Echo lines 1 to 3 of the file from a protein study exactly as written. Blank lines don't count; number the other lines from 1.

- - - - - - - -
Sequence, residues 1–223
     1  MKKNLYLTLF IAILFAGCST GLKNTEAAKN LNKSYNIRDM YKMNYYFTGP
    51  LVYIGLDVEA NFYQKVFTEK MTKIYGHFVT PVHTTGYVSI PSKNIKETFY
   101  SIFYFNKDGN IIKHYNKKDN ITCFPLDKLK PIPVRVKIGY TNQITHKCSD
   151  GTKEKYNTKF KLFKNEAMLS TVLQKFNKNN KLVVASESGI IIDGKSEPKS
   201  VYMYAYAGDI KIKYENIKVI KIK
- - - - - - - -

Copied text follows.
Sequence, residues 1–223
     1  MKKNLYLTLF IAILFAGCST GLKNTEAAKN LNKSYNIRDM YKMNYYFTGP
    51  LVYIGLDVEA NFYQKVFTEK MTKIYGHFVT PVHTTGYVSI PSKNIKETFY